Someday soon we will have a gas generator. Last Winter we had no snow at all so no worries. We did get a lot of rain and a flooded basement. Now we have a battery backup for the Sump Pump.

  2. That’s the same storm we had…wow 17 days!! Now we’d probably stay home and I’d use our camp stove. We’ve camped in a tent with it being in the 30’s so we’d be okay now at home.

  3. Great suggestions. Living in Vermont, we get a lot of winter storms. We make sure we are stocked up on food for us and the pets as well as first aid supplies. You never know what you might need.

  4. Great advice! We don’t have to really deal with a lot of winter storms or emergencies, but it’s a running joke in the South to run to the store for “White Bread and Milk”! :)

  5. We lost power for 10 hours during Winter Storm Nemo – it was due to the heavy wet snow on many of the lines in our area. We have a gas grill (for cooking), but no alternate source of heat. The temperature in our house fell to 55 degrees. Since the storm, we’ve been looking for gas fireplaces and are considering a generator!

  6. The same hurricane that tore up new Orleans, sent its wind up our way. It broke off telepone and light poles, Our community was without power just over a week. We were on vacation visiting family, and if we had come home a day earlier, we would have drove right into it, and then would have been stranded. Our own home is in a sheltered valley and was fine except for power. We invested in a gas generator and was able to hook up the refrigerator and freezer. Those cold showers were a bit much but at least we had water. In hindsight, we wish we would have gotten a bigger generator.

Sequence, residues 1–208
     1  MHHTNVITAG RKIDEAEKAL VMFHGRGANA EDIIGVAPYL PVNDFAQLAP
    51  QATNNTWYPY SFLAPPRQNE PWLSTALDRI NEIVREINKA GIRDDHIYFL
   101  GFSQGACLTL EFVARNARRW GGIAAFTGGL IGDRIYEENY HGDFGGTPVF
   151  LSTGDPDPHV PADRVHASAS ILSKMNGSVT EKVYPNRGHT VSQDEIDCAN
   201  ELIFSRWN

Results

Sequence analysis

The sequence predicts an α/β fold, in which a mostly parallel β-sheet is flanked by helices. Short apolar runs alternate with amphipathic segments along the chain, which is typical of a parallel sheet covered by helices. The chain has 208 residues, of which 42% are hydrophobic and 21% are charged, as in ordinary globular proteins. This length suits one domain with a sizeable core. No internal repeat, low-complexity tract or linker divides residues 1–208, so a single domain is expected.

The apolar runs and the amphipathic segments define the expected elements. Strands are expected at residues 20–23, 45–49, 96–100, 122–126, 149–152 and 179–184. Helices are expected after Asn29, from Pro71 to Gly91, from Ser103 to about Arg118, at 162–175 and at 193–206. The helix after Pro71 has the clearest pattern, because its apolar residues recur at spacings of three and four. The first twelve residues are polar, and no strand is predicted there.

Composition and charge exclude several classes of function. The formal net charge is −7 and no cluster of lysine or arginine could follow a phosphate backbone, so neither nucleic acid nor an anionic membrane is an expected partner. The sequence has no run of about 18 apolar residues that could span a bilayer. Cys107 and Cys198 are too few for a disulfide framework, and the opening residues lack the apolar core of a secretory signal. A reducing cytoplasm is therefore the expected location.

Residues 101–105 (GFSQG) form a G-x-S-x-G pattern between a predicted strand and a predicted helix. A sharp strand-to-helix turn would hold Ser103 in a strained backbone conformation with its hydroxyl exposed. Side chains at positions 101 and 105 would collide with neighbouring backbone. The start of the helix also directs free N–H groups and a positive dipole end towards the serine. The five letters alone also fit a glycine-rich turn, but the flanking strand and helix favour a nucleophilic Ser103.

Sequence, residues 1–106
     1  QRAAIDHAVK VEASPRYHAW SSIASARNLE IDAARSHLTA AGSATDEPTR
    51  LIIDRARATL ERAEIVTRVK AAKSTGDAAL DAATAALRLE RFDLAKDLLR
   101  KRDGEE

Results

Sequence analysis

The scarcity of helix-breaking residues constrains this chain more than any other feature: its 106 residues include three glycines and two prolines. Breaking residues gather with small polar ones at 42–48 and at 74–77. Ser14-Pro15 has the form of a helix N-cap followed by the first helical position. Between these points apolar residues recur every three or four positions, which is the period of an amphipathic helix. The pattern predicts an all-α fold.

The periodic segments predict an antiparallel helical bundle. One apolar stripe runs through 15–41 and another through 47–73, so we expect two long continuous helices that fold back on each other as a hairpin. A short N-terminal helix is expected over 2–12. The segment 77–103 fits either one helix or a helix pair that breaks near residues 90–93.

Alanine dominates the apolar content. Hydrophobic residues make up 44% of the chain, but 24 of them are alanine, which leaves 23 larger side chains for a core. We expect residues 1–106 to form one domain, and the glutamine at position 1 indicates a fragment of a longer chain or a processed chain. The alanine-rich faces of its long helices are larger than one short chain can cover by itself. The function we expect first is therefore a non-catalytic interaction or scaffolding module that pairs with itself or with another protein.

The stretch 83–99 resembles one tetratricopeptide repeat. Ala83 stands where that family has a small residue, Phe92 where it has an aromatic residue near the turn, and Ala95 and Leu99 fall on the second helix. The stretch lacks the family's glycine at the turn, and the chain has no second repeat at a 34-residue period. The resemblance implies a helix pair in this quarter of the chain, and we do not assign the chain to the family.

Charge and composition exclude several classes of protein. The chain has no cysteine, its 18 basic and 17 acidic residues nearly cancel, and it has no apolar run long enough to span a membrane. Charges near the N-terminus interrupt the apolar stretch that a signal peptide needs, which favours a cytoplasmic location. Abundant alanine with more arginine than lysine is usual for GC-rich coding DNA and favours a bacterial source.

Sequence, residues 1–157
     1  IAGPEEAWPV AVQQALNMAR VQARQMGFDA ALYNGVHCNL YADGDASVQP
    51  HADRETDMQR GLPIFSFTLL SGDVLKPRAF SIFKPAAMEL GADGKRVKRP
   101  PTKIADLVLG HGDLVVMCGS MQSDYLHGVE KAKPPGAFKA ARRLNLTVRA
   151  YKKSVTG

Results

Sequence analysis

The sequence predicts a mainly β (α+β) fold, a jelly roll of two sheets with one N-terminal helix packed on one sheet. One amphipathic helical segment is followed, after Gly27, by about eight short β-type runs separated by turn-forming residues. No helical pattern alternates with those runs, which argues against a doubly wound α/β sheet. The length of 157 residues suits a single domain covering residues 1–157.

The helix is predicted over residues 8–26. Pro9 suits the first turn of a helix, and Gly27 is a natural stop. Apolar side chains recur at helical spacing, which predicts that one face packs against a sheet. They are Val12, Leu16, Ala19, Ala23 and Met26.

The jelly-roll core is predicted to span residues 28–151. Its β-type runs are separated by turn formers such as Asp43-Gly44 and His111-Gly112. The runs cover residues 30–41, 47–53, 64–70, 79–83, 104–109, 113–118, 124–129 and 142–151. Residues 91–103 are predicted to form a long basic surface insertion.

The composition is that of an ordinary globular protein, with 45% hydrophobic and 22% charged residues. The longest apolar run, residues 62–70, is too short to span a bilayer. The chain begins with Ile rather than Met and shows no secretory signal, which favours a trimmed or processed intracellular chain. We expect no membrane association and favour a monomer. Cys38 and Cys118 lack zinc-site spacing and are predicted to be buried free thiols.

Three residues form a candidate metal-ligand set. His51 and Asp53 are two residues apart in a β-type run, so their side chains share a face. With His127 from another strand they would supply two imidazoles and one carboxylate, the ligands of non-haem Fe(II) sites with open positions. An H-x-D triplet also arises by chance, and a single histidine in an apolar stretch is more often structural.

7. Being in the south we typically don’t lose power for snow (or even get snow at all, some winters!) but I agree it’s always good to be prepared. We have lots of candles and flashlights, should we need them. I need to look into getting a heater to use if the power went out as well!

  8. We had an ice storm last week. We’re all prepared with a generator, wood burning stove, propane for the grill, water, and plenty of candles! A couple years ago we had no power for almost a week after an ice storm came through, so now we’re prepared!

  9. Nice to see a practical list…it seems like people in our area run to the store and stock up on milk and bread but nothing else! They have no way of dealing with the important issues like heat and electricity!

  10. It’s nice to be able to prep for a storm, any storm! However this summer we had a microburst in our area and no warning. There were a total of 10 telephone poles broken in half, and more than 20 trees completely uprooted just in a 3 block radius! It was bad!